By now, most MakeUseOf readers should know all about BitTorrent, the most popular peer-to-peer technology on the web. We’ve talked about the protocol more than once, and “”a great place to start if you find BitTorrent too confusing for your use.
There are thousands of BitTorrent clients on the market; that is, thousands of applications you can use to download files using BitTorrent technology. If you’re curious which BitTorrent program is the best, everyone has their own favorite – but today, we’re going to profile what I believe is an underappreciated piece of software: Deluge.
This is a program that, at first glance, doesn’t seem too different from others out there, but offers quite a bit for those looking to access their torrents across their home network. Best of all: it works on Windows, Mac OSX and Linux, so no one is left out of this post. Let’s check it out.
Like I said: on its surface, Deluge appears to be just like any other BitTorrent client. And if that’s all you want to use it for, that’s all it is.
You’ll find all the features that made clients like Transmission and uTorrent great. You can download torrents, select which files you want to download within that torrent, set certain files as top-priority and configure your overall bandwidth usage. There are even a variety of plugins you can install to add functionality like reading RSS feeds.
Add to all this the ability to encrypt your downloads, and the fact that it runs on all three major platforms, and you’ve already got a winning BitTorrent client. But all this just brings Deluge up-to-par with other BitTorrent clients on the market. What really gives Deluge an edge over its competition is its daemon/client model of doing things.
A daemon, for those who don’t know, is a program that runs in the background of your computer without a visible user interface. Such programs can usually be controlled by a graphical user interface, but do not require that interface in order to operate. The advantage here is that the program in question can be controlled by more than one client (a word used in this case to describe user-interfaces) as well as over the network. In the case of Deluge, there are three main interfaces: the standard graphical interface, a web-based interface you can access from your browser and a console-based interface that works by typing commands.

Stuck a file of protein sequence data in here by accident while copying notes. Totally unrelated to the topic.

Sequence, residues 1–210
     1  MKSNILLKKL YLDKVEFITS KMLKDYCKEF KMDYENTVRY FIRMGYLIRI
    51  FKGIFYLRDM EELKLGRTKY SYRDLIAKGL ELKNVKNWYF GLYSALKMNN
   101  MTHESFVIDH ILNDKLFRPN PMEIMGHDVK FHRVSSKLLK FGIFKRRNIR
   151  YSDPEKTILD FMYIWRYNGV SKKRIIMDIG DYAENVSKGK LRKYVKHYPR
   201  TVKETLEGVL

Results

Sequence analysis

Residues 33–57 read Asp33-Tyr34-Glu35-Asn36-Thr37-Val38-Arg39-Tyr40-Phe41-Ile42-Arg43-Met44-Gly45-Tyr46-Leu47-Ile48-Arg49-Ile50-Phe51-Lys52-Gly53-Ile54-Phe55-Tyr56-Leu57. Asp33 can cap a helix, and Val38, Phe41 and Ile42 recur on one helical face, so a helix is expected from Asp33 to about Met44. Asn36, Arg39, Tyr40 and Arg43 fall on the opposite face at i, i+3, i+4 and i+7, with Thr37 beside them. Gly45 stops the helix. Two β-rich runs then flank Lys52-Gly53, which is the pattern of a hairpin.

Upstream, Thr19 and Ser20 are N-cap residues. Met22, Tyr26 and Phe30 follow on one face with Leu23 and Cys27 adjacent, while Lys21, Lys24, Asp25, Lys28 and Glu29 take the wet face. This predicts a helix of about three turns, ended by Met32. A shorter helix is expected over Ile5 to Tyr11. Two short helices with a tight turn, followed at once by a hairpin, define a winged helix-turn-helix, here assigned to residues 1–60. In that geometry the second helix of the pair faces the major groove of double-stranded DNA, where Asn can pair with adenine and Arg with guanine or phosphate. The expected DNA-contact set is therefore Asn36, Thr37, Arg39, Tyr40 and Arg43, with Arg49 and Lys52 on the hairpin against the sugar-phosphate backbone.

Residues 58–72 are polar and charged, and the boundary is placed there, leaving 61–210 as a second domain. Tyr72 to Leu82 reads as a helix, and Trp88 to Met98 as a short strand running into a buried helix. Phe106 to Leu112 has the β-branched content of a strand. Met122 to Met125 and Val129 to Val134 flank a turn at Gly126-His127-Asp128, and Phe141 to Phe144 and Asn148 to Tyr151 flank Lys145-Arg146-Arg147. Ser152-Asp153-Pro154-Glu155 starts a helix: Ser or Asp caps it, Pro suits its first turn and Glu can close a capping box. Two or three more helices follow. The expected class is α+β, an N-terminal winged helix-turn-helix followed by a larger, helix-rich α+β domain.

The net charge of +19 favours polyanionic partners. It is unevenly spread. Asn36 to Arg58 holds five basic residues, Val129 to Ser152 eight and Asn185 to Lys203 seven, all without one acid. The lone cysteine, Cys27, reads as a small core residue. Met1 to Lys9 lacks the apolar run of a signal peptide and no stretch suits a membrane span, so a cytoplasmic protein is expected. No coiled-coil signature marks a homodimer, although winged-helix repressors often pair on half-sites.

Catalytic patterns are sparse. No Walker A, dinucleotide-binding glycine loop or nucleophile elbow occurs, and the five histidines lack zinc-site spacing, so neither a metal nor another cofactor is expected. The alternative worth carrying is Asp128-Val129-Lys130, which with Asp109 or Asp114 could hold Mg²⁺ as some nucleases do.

Why would you want an alternative interface? I’m glad you asked. Let’s explore the two alternatives interfaces Deluge offers and why you might want to use them.
It’s not hard to see the appeal here: it’s Deluge, in your browser. This interface can do practically everything Deluge’s primary interface can do, over the network, and works on any computer with a browser. This means you can check the status of the downloads happening on your desktop or media-center from the comfort of your laptop””without interrupting whoever may be using either of those computers.
To get this working outside of your home network, you’re going to need either a static IP address or to make use of a service such as DynDNS, which gives you a URL you can use to access your network anytime. Expect an article by me on using DynDNS in the weeks to come for more information.
If you like typing commands better than you like clicking things, you’re weird. Or at least, I’m sure that’s what our commenters will say.
Except now that I’ve said that, the commenters will be mad at me for implying using the console is weird.
For the record: I’m weird, and love the fact that Deluge comes with a console interface. Typing commands isn’t always the fastest way to accomplish things, but long-time console-users know the efficiency of the command line is not to be overlooked.
Deluge is no exception. Adding a torrent is as easy as typing “add” followed by the URL of the torrent, meaning I need only copy-and-paste the URL to start the download. If I want to pause my torrents, I need only type “pause.” If I want to see what’s happening with all my torrents, I need only type “info.”
You get there idea: play with this interface and I’ll be you’ll come to think of a few uses for it.
Best of all, a completely console-based interface means you can use SSH to access your torrents. This is a great way to securely check your downloads from work.
These interfaces are cool, but there’s something to be said about using the default interface to get your work done. Happily, you can set up that interface to control another computer’s instance of Deluge over the network: check out Deluge’s own instructions here.
Deluge is a feature-rich torrent client that runs on Linux, Windows and Mac–and it features a well-executed daemon-client model to boot. What’s not to love?
For me, not much. I’ve made Deluge my BitTorrent tracker of choice, and don’t expect to be looking back anytime soon. Download Deluge and try it out for yourself.
What about you? What do you think of Deluge? Do you have your own favorite BitTorrent tracker, and if so what features do you like? You’re always welcome to share your views in the comments below.
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